How carbon fiber went from high-tech rarity to high-fashion mainstay—with a little help from Ralph Lauren
ith its stunning silver looks, unusual three-seat cockpit, top speed of 243 mph and million-dollar price tag, the McLaren F1 set a new standard in supercars upon its debut in 1992. But the English automaking firm behind it did more than just package Formula One speed in a street-legal vehicle. The F1 was the first production road car to use a monocoque chassis made of carbon fiber—the lightweight, stiff and costly material most often used in jumbo jets and rocket ships
McLaren’s carbon fiber supercar is a timeless example of technical innovation and design perfection
Extremely rare (total production run of the F1 between 1992 and 1998 was just 106 cars), the F1 was a natural addition to the celebrated automotive collection of Ralph Lauren, who was captivated by the car’s melding of power, beauty and cutting-edge technology. It wasn’t long before carbon fiber’s distinctive charcoal-hued twill weave made its way into Lauren’s designs, most notably in his iconic RL-CF1 chair, which was introduced in 2003 and is still in production today.
In Ralph Lauren’s hands, a material developed purely for high-tech application had evolved into a signifier of style.
In Lauren’s hands, a material developed purely for high-tech application had evolved into a signifier of style, with 54 layers of tissue carbon laid by hand, forming a perfect contrast with the chair’s saddle-inspired leather in the seat and back. Since then, carbon fiber has grown to become one of the brand’s signature materials. The equally iconic Ricky bag has also been introduced in a brown and black version, combining carbon fiber with saddle-inspired leatherwork, and carbon fiber appears throughout the Home collection in everything from clocks to chess sets, and has also served as a design motif in product packaging.
Just what is this powerful and beautiful material? In science-speak, carbon fiber is a reinforced polymer, or composite material made from a carbon filament and a resin. After carbonization, the material is spun into a yarn that is woven into sheets, providing its distinct look. Broadly speaking, carbon fiber’s origins go all the way back to Thomas Edison, who found that if he took a natural material such as cotton or linen and burned it under careful conditions, he would be left with a black material made of pure carbon, perfect for illuminating his latest invention—the light bulb.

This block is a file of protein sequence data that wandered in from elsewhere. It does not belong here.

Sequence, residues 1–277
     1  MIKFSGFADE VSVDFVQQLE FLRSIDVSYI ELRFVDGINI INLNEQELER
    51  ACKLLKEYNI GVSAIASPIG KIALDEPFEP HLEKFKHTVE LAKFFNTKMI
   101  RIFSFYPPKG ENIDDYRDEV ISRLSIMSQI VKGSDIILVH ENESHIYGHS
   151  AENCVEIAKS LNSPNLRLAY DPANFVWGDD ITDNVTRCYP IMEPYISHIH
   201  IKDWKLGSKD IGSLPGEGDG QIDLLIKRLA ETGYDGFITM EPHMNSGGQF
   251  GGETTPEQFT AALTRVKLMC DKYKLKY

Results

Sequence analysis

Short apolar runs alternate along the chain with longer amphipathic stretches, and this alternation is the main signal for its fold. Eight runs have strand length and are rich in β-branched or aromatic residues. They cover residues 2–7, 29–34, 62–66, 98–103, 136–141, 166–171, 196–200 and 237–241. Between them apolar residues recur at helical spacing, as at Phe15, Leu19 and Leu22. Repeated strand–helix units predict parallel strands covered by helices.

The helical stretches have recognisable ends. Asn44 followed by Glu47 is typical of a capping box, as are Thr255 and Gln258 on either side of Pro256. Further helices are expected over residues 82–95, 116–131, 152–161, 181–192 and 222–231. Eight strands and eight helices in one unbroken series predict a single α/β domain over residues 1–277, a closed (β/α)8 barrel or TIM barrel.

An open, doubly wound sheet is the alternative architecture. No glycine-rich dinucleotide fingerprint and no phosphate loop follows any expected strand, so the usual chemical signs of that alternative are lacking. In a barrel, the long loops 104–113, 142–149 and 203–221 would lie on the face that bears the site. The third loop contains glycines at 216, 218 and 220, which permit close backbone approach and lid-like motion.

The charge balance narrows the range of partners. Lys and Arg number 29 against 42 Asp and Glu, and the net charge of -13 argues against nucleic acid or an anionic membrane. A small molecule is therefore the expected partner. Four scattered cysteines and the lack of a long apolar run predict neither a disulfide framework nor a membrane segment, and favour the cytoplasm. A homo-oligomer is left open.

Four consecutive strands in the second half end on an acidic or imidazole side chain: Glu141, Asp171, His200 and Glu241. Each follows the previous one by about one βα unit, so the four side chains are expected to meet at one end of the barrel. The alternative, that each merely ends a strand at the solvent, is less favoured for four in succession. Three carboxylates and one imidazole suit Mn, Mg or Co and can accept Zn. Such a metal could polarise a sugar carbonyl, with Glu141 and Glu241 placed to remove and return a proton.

A reinforced polymer, carbon fiber offers twice the stiffness of steel at one-fifth of the weight
In aerospace and automotive applications, carbon fiber offers twice the stiffness of steel at one-fifth of the weight—which is superior to aluminum and even titanium. While expensive supercars such as the F1 and various models by Lamborghini— another leader in the implementation of carbon fiber—can shirk the question of cost, widespread use of the material is being championed most innovatively by BMW in its i3 model, which features the first mass-produced passenger cell made of CFRP, or carbon fiber reinforced plastic. Meanwhile, in the world of air travel, the benefits and beauty of carbon fiber come together in planes such as the Qantas A380, which boasts carbon fiber seats. And carbon fiber isn’t just for land and sky: You can even take to the seas, as the stuff makes superb sailcloth for racing yachts.
As for McLaren Automotive, it continues its commitment to power and beauty, fortified with carbon fiber. The new P1 is the sequel to the F1 (a stunning yellow version of which has recently joined Mr. Lauren’s collection). While the celebrated 12C features a MonoCell that can be made in just four hours, the F1’s chassis required 4,000. As for that C in the name? Naturally, it stands for carbon.